#17

I love it when businesses complain that their chosen business model is short sighted and unworkable.


#18

There’s nothing unethical about refusing to see ads. Especially when, as in my case, they represent something of relevance to you almost zero percent of the time. If they can’t find a business model that works with their “customers’” desires, they ought to be ought of business.

Frankly if we would just eliminate copyright we would all have infinite content forever based purely on people creating as they see fit by their own measure with their own time and money. Subscription fees or pre-payment can handle anything that wouldn’t be otherwise accommodated.


#19

Perhaps take a look at: https://www.google.com/contributor/welcome/

What it looks like in action: http://www.droid-life.com/2015/04/21/this-is-google-contributor/


#20

This right here. I don’t want to install an ad-blocker. I want the sites I read to get their ad revenue. I even occasionally click on shit I have no interest in, or buy things through affiliate links specifically to make sure the sites I like are getting some action through my patronage. But an increasing number of the good upstanding sites I frequent are loaded with problem ads. Not just the auto play videos, pop-overs, pop-unders, and audio based nonsense. But actually malware loaded hijack and break my computer bad ads. Its certainly not deliberate, they’re just working with less scrupulous ad networks or the bad kind of ad companies are sneaking heinous shit into the respectable ones. Most of the places in question just don’t have the resources (money, warm bodies) to weed this stuff out before it makes landfall, or handle their ads 100% on their own to avoid it entirely. But I think even worse is how much of a struggle most of them seem to have getting rid of that shit once it pops up. Lack of back end tools, and unresponsive reps from the ad networks. All while explaining to users “we don’t understand, our ad agreements specifically ban these sorts of placements”. A bunch of their users get fucked, they can do nothing to stop it for x amount of time, so they lose some of their users. Which brings their overall add revenue down, making it harder to keep the site operating despite doing the ad thing to keep the doors open. Its like a whirlpool of bullshit.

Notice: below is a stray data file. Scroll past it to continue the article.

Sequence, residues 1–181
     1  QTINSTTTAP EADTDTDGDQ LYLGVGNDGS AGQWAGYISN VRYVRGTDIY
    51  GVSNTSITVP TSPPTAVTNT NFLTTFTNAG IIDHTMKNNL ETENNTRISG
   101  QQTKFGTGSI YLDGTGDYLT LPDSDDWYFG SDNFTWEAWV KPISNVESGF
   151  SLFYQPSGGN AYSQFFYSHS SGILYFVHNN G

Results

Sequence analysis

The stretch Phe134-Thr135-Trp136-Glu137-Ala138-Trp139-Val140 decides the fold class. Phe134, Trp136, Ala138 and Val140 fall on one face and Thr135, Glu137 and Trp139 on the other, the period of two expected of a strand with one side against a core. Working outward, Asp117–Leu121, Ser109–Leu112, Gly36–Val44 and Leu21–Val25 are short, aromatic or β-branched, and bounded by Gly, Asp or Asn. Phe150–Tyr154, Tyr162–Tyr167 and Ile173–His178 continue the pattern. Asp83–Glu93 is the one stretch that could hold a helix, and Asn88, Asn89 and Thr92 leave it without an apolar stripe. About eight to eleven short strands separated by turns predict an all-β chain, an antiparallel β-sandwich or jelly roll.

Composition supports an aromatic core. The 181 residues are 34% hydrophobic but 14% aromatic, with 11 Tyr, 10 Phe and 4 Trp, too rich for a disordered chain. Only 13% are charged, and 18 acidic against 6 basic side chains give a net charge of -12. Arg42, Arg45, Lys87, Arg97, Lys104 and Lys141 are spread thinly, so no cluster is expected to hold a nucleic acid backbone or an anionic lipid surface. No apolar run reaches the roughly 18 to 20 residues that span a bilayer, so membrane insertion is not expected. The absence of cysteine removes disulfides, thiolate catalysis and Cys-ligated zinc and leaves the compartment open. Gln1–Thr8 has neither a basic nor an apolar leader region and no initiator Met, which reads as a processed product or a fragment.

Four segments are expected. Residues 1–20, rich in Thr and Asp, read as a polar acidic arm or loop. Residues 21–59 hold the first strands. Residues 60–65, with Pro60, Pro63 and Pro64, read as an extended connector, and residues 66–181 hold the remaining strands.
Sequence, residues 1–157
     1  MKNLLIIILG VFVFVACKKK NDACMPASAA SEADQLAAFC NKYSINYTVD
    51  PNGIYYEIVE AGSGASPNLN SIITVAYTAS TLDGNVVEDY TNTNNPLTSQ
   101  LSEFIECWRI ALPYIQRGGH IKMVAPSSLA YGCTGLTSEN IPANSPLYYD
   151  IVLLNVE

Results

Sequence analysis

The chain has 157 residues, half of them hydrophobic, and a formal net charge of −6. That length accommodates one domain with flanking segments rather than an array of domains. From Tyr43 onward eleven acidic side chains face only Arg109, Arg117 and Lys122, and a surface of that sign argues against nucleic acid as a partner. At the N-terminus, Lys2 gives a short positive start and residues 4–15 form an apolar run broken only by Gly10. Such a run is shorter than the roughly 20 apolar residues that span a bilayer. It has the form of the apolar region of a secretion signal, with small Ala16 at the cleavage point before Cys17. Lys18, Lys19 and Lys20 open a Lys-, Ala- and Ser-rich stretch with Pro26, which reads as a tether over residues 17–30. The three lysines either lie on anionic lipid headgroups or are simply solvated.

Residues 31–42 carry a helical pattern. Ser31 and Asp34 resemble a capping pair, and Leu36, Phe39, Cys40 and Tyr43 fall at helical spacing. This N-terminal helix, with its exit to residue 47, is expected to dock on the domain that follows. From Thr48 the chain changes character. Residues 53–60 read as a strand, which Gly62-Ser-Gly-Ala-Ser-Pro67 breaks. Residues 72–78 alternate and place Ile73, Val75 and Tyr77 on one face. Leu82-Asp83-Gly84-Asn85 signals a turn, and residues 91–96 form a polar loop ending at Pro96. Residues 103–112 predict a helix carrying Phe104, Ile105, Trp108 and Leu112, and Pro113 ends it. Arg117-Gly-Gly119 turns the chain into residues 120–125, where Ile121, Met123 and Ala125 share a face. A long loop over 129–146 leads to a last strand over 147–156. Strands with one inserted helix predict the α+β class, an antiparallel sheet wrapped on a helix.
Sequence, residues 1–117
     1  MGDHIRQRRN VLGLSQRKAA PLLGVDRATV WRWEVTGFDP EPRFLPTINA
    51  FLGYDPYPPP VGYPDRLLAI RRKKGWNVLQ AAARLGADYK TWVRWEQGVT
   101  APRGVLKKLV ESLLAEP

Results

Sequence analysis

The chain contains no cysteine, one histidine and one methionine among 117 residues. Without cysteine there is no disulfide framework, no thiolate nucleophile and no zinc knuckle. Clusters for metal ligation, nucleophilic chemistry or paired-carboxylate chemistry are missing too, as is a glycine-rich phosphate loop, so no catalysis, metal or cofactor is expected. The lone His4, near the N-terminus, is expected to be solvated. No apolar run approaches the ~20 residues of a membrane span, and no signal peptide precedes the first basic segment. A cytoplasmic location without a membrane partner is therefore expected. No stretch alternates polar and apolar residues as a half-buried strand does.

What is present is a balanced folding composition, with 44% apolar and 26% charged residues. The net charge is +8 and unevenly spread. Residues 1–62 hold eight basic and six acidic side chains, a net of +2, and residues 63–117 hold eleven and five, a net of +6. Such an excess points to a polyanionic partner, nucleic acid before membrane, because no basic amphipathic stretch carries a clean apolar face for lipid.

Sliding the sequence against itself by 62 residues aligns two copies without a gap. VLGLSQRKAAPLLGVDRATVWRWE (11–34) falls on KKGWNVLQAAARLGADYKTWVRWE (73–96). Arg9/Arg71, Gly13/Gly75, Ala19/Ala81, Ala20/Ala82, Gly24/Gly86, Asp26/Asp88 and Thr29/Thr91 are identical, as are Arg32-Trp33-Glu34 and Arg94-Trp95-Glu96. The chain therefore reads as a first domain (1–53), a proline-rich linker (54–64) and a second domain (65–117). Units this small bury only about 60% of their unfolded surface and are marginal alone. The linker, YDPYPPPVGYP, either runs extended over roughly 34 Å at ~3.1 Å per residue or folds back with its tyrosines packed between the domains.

So like I said, don’t want an ad-blocker. Starting to think I need one.